We were kindly invited back to the chocolate farm to help Carlos and Gary make chocolate. Our boys were to be the little oompa-loompa workers and it turned out we all had a role to play.
We started by walking through the plantation (think overgrown jungle here) and cutting down the cocao pods from the trees. Slightly easier said than done.
You appear to wave a long piece of bamboo with a knife on the end in the air and detach the ripe pod, which has no desire to fall off. Meanwhile we attempted to catch them or avoid being knocked on the head by them falling or dodge the bamboo pole flailing around…
Together we collected around 200 and then began removing the beans. The deftness with a machete for cutting them open was best left to the locals so we stood and admired the white goey beans which was lovely and sweet to eat.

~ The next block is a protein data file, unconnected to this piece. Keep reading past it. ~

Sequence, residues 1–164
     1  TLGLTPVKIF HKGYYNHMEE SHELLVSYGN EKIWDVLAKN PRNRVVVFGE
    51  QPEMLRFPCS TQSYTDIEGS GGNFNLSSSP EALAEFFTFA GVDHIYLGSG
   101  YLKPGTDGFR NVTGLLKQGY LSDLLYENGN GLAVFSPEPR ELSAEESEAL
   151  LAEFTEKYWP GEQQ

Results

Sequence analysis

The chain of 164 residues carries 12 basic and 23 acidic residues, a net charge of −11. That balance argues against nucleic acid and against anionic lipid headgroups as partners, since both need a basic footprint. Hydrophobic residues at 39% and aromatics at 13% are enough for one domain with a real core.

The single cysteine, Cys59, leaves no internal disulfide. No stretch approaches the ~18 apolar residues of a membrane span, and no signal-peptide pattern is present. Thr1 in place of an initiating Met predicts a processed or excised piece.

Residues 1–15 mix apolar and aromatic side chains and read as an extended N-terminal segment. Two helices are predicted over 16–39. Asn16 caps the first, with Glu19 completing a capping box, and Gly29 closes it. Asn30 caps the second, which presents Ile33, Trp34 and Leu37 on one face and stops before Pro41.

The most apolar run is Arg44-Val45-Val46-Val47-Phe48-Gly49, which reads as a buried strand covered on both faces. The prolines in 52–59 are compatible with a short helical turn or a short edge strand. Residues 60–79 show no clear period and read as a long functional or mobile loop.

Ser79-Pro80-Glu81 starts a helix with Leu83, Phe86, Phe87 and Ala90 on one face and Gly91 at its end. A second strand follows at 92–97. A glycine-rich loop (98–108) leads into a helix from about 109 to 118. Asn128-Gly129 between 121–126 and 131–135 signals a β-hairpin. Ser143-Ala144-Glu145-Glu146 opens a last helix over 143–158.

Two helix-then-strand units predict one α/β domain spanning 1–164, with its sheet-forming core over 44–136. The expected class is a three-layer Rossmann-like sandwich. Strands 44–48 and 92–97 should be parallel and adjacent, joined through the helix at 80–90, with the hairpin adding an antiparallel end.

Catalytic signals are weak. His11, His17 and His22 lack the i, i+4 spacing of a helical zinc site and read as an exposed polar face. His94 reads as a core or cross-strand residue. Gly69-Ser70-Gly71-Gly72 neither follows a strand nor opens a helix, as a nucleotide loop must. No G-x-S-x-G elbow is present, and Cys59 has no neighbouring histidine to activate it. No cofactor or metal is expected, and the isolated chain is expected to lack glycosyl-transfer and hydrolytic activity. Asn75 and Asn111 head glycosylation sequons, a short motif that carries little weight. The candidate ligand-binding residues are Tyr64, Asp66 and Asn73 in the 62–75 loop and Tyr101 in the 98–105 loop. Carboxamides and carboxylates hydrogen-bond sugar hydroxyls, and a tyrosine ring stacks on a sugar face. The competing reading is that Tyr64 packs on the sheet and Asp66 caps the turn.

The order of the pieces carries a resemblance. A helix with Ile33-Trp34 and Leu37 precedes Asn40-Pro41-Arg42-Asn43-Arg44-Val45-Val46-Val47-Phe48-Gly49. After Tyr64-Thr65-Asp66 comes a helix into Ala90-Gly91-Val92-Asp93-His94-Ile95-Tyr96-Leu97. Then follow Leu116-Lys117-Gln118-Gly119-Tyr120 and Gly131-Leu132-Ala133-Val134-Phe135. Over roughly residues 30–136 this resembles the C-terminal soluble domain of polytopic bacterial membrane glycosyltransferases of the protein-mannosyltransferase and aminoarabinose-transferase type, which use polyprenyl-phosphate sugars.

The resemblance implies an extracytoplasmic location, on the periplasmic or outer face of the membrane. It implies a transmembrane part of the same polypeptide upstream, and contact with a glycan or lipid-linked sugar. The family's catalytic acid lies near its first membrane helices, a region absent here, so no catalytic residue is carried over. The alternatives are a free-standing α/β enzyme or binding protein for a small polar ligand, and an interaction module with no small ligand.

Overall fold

The beans were then laid between banana leaves to ferment whilst we went to the forest “kitchen” to roast some beans and make nibs from beans already fermented and dried.
The home made roaster (from a gas canister) had stopped spinning so Russell the now-I-can-fix-anything-due to living in a boat, took it apart and created a new vaguely safe switch to allow the gas canister to spin and roast the beans. Phew, and it worked much to Carlos’s delight.
We sorted the good beans for roasting and set it going. Forty minutes later we sampled the freshly roasted beans, delicious! It all smelt like a chocolate factory now.
The boys helped to crush the beans so make nibs and the process was complete. We sampled a handful of scrumptious nibs. Pure cocao, it was truly yummy.
Another fantastic day in paradise and huge thanks to Gary and Carlos for being the greatest hosts and letting our junior oompa-loompas have full reign!